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Product Name
:
AMPI
Chemical Name
:
Ampicillin (Sodium)
Therapeutic Category
:
Antimicrobial
Pharmacologic Category
:
Antibiotic, Penicillin
Pharmaceutical Form
:
Vial
Composition
:
Ampicillin (Sodium) 500mg / 1000mg / 2000mg
Dosing
 
Usual dosage range:
I.M., I.V.: 250-500 mg every 6 hours
Actinomycosis: I.V.: 50 mg/kg/day for 4-6 weeks then oral amoxicillin

Cholangitis (acute): I.V.: 2 g every 4 hours with gentamicin

Diverticulitis: I.M., I.V.: 2 g every 6 hours with metronidazole

Endocarditis:

Infective: I.V.: 12 g/day via continuous infusion or divided every 4 hours

Prophylaxis: Dental, oral, or respiratory tract procedures: I.M., I.V.: 2 g within 30-60 minutes prior to procedure in patients not allergic to penicillin and unable to take oral amoxicillin. Intramuscular injections should be avoided in patients who are receiving anticoagulant therapy. In these circumstances, orally administered regimens should be given whenever possible. Intravenously administered antibiotics should be used for patients who are unable to tolerate or absorb oral medications. Note: American Heart Association (AHA) guidelines now recommend prophylaxis only in patients undergoing invasive procedures and in whom underlying cardiac conditions may predispose to a higher risk of adverse outcomes should infection occur.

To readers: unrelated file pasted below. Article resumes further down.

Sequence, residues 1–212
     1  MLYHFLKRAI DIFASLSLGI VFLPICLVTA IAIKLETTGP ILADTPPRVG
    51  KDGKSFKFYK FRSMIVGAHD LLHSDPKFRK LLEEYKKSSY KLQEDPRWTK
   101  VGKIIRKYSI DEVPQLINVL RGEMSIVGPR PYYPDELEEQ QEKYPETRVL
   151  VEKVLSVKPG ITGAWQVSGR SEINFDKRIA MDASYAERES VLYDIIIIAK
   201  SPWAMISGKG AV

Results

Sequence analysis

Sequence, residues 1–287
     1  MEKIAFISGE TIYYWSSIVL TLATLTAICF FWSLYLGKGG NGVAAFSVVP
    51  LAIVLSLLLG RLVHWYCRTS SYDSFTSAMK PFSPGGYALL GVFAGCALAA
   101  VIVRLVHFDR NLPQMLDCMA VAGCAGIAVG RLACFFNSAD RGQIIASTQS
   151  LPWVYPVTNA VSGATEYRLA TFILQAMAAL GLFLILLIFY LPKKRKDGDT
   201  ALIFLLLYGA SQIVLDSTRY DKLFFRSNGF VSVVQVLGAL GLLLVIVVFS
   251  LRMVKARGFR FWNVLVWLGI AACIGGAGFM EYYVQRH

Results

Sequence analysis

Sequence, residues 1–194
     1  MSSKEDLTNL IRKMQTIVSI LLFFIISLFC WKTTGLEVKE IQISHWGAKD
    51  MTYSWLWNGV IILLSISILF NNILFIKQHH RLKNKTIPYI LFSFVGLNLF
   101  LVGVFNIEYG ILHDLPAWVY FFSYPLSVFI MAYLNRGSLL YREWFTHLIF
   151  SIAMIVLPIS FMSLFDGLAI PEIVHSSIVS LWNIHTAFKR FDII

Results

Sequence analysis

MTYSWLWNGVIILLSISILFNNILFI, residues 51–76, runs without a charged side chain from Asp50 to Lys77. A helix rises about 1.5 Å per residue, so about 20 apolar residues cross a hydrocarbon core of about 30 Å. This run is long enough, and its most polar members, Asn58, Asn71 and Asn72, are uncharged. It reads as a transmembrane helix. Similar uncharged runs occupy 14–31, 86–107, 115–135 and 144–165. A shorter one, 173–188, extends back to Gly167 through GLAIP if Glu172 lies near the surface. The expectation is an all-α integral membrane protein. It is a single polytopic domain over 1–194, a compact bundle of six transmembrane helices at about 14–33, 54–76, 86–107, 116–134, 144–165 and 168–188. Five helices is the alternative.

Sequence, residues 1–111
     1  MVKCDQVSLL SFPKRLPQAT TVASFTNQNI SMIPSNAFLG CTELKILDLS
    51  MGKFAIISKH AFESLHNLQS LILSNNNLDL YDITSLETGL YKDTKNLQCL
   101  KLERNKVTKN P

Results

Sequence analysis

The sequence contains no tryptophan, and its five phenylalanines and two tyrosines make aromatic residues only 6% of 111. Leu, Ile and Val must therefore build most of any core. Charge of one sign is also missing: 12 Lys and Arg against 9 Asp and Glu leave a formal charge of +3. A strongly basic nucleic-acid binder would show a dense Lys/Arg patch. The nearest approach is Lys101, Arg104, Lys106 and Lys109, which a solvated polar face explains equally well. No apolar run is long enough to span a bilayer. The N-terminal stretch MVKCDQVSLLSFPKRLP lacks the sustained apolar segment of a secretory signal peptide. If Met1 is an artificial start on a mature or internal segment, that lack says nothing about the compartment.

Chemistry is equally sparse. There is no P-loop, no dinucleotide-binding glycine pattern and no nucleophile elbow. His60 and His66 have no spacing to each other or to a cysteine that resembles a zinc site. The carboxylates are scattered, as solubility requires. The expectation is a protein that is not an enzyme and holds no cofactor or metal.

Prophylaxis in total joint replacement patient: I.M., I.V.: 2 g 1 hour prior to the procedure

Genitourinary and gastrointestinal tract procedures: I.M., I.V.:

High-risk patients: 2 g within 30 minutes prior to procedure, followed by ampicillin 1 g (or amoxicillin 1 g orally) 6 hours later; must be used in combination with gentamicin. Note: As of April 2007, routine prophylaxis for GI/GU procedures is no longer recommended by the AHA.

Moderate-risk patients: 2 g within 30 minutes prior to procedure

Group B strep prophylaxis (intrapartum): I.V.: 2 g initial dose, then 1 g every 4 hours until delivery

Listeria infections: I.V.: 2 g every 4 hours (consider addition of aminoglycoside)

Sepsis/meningitis: I.M., I.V.: 150-250 mg/kg/day divided every 3-4 hours (range: 6-12 g/day)

Urinary tract infections (Enterococcus suspected): I.V.: 1-2 g every 6 hours with gentamicin

Dosing: Pediatric

Usual dosage range: Infants and Children:

I.M., I.V.: 100-400 mg/kg/day in divided doses every 6 hours (maximum: 12 g/day)

Endocarditis prophylaxis: Infants and Children: I.M., I.V.:

Dental, oral, or respiratory tract procedures: 50 mg/kg within 30-60 minutes prior to procedure in patients not allergic to penicillin and unable to take oral amoxicillin. Intramuscular injections should be avoided in patients who are receiving anticoagulant therapy. In these circumstances, orally administered regimens should be given whenever possible. Intravenously administered antibiotics should be used for patients who are unable to tolerate or absorb oral medications.

Note: American Heart Association (AHA) guidelines now recommend prophylaxis only in patients undergoing invasive procedures and in whom underlying cardiac conditions may predispose to a higher risk of adverse outcomes should infection occur.